technology


My new year’s resolution, upgrade my VMWare to the latest version, and add a Windows 7 virtual machine…so I can test on Mac, Windows XP and Windows 7…all on my magical mac.

So, I was happily running VMWare 3.x with no issues and still on Windows XP. JAWS was working like a charm with video intercept. I assumed that the latest version of VMware 4.1.1 would also support video intercept.

The upgrade from VMWare 3.x to 4.1.1 was easy. I just inserted the disk and followed my nose. But when I went to test how JAWS was working, I got the dialogue box on Freedom Scientific Video Intercept. The default selection when this dialogue comes up is: “Intall Video Intercept and Restart System”. But do NOT do it. I tried it and consistently get a blue screen and the option to start in safe mode. I selected “Last Known Good Configuration” and breathed a sign of relief when my Windows XP VM actually started up.

So, be forewarned, if you are running VMware 4.1.1 do NOT intall Video Intercept when prompted by JAWS. JAWS is going to ask you about video intercept every time you start the software. But don’t be lured into this danger zone. Just say no!

JAWS will still work on web browsers, but I’m under the impression that without video intercept, the JAWS cursor functionality and desktop software may not work correctly with the screenreader. See more about this over on the excellent article and conversation on the WebAim blog at JAWS, Window Eyes, Parallels and Boot Camp.

Today is Ada Lovelace Day, an international day of blogging (videologging, podcasting, comic drawing etc.) to draw attention to the achievements of women in technology and science.

I am surrounded by women in technology that inspire me. When I paused to consider who to recognize as my Ada for 2010, I knew without a doubt, it was Leslie Jensen-Inman. Leslie’s developing a model web education program at the University of Tennessee Chattanooga. Her students, steeped in web standards and best practices, are already producing professional level work before they graduate. I’ve met and worked side-by-side with a number of her students and can testify that Leslie’s passion for creating beautiful and usable web sites has been ignited in each of them.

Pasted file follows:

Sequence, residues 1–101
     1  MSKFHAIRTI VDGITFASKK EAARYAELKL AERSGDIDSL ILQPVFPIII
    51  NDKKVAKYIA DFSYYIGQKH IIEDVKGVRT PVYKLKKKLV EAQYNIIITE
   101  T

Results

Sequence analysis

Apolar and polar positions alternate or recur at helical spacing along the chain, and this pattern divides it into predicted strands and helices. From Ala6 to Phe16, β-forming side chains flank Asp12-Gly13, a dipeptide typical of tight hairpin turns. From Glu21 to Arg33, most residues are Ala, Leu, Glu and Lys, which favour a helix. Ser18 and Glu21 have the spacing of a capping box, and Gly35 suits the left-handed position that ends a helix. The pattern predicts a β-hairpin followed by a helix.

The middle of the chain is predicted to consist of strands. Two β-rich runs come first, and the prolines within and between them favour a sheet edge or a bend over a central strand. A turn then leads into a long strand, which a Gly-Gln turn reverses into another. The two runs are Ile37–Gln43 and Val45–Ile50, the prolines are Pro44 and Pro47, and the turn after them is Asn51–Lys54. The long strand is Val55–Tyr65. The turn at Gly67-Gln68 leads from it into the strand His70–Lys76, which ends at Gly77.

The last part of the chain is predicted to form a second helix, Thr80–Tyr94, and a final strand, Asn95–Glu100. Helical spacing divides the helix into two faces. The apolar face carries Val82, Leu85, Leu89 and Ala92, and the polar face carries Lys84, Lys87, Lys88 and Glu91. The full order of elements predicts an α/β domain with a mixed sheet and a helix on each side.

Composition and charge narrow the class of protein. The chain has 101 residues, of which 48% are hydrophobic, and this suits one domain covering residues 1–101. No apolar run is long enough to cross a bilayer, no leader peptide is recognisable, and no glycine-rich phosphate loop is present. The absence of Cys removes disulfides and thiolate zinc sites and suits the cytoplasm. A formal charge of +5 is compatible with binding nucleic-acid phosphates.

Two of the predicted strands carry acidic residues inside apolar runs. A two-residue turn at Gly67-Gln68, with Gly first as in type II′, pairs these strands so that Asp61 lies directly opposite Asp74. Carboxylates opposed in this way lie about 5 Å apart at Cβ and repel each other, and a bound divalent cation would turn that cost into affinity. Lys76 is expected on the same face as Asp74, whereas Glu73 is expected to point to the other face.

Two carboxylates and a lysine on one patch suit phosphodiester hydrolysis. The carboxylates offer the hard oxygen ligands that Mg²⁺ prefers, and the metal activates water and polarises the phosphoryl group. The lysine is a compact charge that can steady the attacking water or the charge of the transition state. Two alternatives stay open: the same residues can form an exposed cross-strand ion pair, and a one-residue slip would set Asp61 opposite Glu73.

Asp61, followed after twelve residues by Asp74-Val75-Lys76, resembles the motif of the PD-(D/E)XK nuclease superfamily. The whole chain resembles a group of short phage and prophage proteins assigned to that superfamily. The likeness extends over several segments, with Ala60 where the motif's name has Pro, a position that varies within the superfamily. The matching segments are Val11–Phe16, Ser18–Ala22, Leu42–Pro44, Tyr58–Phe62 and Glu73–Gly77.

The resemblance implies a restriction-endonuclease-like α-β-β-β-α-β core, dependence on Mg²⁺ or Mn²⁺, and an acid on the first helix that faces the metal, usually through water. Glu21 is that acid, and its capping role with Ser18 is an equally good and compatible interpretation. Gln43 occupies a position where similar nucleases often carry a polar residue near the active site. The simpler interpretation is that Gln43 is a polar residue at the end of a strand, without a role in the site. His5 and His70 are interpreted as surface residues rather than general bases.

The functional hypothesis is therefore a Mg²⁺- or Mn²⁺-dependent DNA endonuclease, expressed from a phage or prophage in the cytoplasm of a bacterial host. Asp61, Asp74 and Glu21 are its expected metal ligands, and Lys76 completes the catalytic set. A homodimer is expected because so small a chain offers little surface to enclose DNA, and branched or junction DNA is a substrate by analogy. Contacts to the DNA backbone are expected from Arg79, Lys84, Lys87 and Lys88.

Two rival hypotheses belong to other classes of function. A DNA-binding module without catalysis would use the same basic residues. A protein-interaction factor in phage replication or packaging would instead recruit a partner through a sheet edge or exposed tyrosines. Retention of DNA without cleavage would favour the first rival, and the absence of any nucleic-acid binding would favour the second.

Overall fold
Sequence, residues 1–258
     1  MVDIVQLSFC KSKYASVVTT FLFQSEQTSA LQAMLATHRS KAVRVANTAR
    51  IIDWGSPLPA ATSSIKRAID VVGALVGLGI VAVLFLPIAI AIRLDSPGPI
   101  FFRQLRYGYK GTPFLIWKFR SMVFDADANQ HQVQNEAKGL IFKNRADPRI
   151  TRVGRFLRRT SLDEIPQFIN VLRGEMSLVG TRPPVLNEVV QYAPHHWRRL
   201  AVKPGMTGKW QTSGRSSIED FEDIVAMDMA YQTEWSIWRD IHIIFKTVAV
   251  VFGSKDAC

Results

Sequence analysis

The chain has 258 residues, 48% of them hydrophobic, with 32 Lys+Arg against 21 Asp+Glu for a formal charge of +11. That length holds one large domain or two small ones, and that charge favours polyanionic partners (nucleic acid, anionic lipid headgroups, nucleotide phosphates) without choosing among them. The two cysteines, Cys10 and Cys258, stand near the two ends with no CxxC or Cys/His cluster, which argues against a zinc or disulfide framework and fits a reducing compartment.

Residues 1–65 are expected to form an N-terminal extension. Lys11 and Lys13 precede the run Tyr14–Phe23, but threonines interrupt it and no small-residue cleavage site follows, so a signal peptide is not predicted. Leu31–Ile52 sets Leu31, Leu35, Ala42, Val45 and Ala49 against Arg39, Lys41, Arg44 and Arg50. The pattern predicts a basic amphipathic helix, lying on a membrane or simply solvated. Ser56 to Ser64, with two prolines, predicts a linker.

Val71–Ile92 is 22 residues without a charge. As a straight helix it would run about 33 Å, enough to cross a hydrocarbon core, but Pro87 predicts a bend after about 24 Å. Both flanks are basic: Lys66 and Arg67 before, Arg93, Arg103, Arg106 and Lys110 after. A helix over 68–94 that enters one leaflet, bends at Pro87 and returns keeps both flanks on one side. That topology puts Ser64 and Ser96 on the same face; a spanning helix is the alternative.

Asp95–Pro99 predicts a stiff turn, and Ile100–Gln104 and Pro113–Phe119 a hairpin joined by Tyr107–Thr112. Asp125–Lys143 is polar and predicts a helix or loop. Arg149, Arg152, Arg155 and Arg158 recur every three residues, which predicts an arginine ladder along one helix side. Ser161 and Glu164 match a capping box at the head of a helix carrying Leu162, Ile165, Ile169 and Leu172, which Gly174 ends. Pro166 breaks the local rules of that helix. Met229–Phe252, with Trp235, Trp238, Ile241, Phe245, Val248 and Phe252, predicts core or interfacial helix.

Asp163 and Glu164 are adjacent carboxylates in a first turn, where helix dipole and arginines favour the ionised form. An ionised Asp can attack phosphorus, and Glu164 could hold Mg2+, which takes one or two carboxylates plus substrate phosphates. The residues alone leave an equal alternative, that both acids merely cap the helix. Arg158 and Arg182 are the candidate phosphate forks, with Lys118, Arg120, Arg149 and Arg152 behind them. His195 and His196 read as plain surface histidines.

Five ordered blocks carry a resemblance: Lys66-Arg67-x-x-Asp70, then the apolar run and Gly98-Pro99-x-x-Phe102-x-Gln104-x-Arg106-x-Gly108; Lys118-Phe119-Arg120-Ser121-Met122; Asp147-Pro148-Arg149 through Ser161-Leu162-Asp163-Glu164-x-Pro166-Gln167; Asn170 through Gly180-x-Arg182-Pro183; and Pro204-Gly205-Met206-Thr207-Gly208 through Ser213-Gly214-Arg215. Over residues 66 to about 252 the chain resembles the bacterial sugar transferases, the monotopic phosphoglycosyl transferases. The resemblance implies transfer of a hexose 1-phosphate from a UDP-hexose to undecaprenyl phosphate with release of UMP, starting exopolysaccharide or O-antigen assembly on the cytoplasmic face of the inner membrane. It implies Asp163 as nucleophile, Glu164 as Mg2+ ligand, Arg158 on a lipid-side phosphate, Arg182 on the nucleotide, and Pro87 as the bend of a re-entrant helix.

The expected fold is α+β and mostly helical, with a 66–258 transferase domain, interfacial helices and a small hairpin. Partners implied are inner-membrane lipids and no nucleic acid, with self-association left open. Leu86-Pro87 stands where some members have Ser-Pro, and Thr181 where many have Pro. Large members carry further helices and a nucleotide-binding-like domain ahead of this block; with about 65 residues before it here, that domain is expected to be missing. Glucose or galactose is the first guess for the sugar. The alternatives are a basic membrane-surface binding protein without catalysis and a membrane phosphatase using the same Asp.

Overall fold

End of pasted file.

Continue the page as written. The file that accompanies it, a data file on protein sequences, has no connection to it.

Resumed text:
Leslie’s desire to teach the web doesn’t stop with her students. She actively reaches out to educators, community leaders, business people and web developers. Leslie orchestrated the first in a series of fabulous events called Web Education Rocks (aka WE Rock Tour). This event brought together teachers, students, artists, web developers, politicians, entrepreneurs and business leaders who all benefit from an open web. The event helped everyone understand that the future of the web is built on today’s web education. It was a magical evening of inspiration, connecting and sharing of valuable web education curriculum resources (WaSP InterACT Curriculum Framework). And the WE Rock Tour didn’t end there…it continued in Australia and is booking dates in Europe and the US for 2010.

I cannot possibly express how inspired I have been by Leslie’s vision, energy and boundless optimism. Working with her is deeply satisfying and re-energizing. But don’t just take my word for it. Join us in the great adventure to further Web Education!

As an accessibility expert and advocate, I have often wondered,

How hard is it for a person to get access to the latest version of JAWs?

The answer to this question is important, especially when I’m testing the accessibility of UT web offerings. If I happen to have JAWS 10 beta installed, but my student population doesn’t have access to that version yet, I could end up reporting that content is accessible, when in reality, my students might be unable to get to the information.

Recently, I was asked to test and report on the accessibility of iTunes, especially the iTunes U area. In my previous post, I was delighted to report that the iTunes 8 application is delightfully accessible to screenreaders. But, if you look closely, you will notice that I was using JAWS 10 beta. Which brings me back to the question, “How hard is it for my students, who need it, to get access to the latest version of JAWS when they need it?”

My first call was to the UT Services for Students with Disabilities, where I discovered that our assistive technology labs currently have JAWS 9 installed. After talking to the lab manager, I learned that he would easily be able to upgrade to whatever version of JAWS was required. Excellent! Another piece of the puzzle falls into place.